When launching a new software project, the chances are it’s been proposed for one of two reasons: either your stakeholder has a groundbreaking idea that they feel will bring unique value to users, or they have a pain-point that they need help solving. What’s also likely is that as the project progresses, these plans that first justified the project will change considerably.
As new market information emerges, features, priorities, and timelines will adapt. Perhaps the solution you first had planned for your client is actually too complex for their non-technical team members. Or maybe a competitor has entered the market since development began, making your unique selling point a little less unique.
In either scenario, your team members need workflows in place that enable them to be flexible, overcoming hurdles that could otherwise throw a project off-course. This is where Agile project management comes into its own.
First introduced back in 2001, mastering the Agile Manifesto has become the holy grail of many project managers. And there’s a reason for that. According to the VersionOne 2012 Agile Dev Survey, 90% of participants claimed that implementing an Agile practice improved their ability to manage changing priorities. Other studies have echoed the benefits of Agile, with the approach speeding up delivery time to market by an average of 37% and raising team productivity levels by 16%.
However, a lot of things have changed in the business world over the past 16 years, and many teams now struggle to make the original Agile values work for their projects. To create a modern guide to Agile, we spoke with five successful Agile teams about how they’re putting Agile project management into action in their software development projects – and achieving great results.
A Modern Guide to Agile Project Management
Combining the lessons of five successful Agile teams with over 15 years of experience in Agile, we’ve formulated five best practices in taking an Agile approach to software management. We’ve collated key challenges to watch out for, and have provided strategies to overcome them.
Looking at how best to implement the 12 values listed in the Agile Manifesto, our white paper includes:
Establishing the ‘Why’: How to begin every project with a strategy sprint
Too often, teams will jump into a project without a thorough assessment of what’s already available and why the planned product is required.
Before development work begins, all teams should implement a strategy sprint to identify either:
- Which pain point(s) the proposed product would be solving
- Which unique experience or service the proposed product would support.
This strategy will then establish the vision for the project ahead. Within the first chapter of the white paper, we’ve shared why it’s necessary to hold a strategy sprint and included a day-by-day plan for what the sprint should cover.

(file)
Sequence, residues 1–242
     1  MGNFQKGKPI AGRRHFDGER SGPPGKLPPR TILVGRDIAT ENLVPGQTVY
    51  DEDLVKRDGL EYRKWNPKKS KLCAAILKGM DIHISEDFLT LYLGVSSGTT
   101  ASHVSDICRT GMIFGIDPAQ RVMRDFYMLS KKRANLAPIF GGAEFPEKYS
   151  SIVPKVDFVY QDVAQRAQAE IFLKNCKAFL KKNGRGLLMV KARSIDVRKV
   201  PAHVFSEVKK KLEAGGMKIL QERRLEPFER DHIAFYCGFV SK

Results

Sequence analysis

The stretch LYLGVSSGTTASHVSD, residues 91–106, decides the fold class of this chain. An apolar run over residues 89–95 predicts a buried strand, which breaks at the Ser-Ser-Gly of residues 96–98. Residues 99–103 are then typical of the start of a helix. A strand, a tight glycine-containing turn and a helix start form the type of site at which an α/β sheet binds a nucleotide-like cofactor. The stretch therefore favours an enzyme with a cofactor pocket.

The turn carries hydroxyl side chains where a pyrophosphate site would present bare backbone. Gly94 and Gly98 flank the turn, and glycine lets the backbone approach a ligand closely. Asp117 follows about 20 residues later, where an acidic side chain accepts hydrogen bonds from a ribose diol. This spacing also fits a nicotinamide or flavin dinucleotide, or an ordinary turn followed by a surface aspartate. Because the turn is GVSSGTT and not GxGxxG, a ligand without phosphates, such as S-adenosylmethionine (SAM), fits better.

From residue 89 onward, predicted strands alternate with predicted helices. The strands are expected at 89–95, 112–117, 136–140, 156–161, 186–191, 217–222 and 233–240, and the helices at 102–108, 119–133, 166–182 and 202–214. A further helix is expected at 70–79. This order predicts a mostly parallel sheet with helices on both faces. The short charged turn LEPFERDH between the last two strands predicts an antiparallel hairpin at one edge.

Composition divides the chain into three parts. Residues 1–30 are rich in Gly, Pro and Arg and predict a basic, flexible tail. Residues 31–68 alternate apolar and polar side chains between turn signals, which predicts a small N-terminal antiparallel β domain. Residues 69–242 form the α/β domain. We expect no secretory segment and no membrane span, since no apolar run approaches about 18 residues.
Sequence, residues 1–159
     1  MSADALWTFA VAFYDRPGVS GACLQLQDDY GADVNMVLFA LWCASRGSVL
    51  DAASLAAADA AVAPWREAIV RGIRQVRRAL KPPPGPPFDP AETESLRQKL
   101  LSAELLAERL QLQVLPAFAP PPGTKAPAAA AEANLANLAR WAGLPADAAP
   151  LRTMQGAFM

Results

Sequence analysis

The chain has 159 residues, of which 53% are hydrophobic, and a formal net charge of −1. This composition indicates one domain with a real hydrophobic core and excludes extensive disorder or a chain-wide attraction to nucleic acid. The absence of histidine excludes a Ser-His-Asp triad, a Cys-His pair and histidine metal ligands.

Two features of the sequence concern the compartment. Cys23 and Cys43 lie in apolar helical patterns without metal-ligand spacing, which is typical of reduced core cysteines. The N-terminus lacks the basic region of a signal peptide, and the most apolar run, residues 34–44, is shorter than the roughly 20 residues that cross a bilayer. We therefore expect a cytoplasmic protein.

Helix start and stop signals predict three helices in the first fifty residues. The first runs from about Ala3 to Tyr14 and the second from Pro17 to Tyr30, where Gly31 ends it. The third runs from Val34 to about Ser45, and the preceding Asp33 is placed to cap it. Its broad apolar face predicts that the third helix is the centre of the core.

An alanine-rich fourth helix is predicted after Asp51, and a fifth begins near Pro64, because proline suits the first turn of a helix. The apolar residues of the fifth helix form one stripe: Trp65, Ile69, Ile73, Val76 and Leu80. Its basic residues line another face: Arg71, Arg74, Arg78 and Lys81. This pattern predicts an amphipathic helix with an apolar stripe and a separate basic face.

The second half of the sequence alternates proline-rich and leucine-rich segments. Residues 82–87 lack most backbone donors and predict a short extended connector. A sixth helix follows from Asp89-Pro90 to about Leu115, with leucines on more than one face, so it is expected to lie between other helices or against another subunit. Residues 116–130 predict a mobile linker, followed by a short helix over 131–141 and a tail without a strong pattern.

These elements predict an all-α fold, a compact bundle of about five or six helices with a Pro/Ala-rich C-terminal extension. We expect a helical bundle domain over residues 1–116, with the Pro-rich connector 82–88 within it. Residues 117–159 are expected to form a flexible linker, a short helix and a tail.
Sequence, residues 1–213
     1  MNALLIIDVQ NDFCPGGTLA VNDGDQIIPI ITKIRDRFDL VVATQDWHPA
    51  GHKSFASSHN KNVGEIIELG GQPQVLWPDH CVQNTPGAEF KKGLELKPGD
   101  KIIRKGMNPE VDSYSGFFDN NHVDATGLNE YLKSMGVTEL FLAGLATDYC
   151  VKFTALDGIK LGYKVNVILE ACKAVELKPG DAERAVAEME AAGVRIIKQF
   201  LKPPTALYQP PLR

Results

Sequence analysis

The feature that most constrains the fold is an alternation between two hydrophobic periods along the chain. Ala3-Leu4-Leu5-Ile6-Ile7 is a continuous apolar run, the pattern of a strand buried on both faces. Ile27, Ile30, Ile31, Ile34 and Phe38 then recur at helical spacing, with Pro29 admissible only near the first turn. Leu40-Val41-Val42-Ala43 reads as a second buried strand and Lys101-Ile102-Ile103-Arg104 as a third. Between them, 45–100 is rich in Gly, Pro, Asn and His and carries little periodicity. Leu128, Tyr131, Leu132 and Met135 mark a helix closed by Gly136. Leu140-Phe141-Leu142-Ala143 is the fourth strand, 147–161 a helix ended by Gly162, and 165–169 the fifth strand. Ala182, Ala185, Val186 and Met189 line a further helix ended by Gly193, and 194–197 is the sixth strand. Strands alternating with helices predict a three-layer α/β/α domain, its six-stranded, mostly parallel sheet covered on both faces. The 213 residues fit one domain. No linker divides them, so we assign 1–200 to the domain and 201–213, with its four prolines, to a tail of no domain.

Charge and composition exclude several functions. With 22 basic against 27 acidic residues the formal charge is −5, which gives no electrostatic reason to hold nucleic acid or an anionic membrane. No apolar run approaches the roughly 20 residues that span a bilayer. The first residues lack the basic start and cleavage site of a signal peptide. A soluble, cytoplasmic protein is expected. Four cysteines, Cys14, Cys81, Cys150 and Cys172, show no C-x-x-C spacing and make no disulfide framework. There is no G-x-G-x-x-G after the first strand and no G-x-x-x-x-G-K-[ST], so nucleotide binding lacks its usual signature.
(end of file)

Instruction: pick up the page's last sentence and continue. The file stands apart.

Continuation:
Planning to Perfection: How to develop a realistic project budget
As mentioned, with new market information, project plans and expectations will adapt and evolve. However, it’s still essential that project teams first establish a realistic project scope and budget with the client or stakeholder, ahead of beginning development.
In the second chapter of our white paper, we provide a step-by-step guide for creating a realistic initial project scope and budget with your client, which will adapt as additional requirements inevitably emerge.
Customer Values: How to engage with client and user feedback at every iteration
Inviting and embracing customer and stakeholder input at every iteration is the bread and butter of Agile project management. However, accessing, truly listening to, and disseminating this information can prove to be a challenge.
In our customer values chapter, we’ll take you through a 3-step plan for integrating user feedback into your project development process at every iteration. We’ll also provide strategies for demonstrating this to your client transparently, through a number of collaboration solutions both online and offline.
Collaborating Cross-Departmentally: Enabling communication between business and development
When the Agile Manifesto was written back in 2001, the team argued that the best cross-departmental collaboration is done via face-to-face meetings. However, 16 years on, distributed teams are now commonplace across the technology sector, making in-person meetings difficult.
In the fourth chapter, we’ll go through a handful of strategies for improving communication between business and development team members, regardless of technical level, in order to prevent departmental siphons.
Sustainable Productivity: How to achieve team efficiency long-term
While taking an Agile approach to project management, it’s essential that teams are able to streamline their workflows in order to be productive. However, it’s also vital that these productive workflows are sustainable and won’t result in team burnout.
In our final chapter, we’ll recommend strategies for holding sprint retrospectives that will get the most out of each development cycle, while ensuring that your team members aren’t overloaded. With these strategies, your team will be able to develop a more refined product, while also avoiding bottlenecks and the risk of causing team stress.
Whether you’re new to Agile and looking to persuade colleagues about the benefits, or are already using Agile and hoping to improve your team’s workflows, our Agile guide will provide you with tangible lessons to apply in your team.
For more information, download our free white paper, Staying Agile: 5 Best Practices in Software Project Management.
P.S. Did you know we offer a live workshop on Agile project management, too? Learn more and sign up here.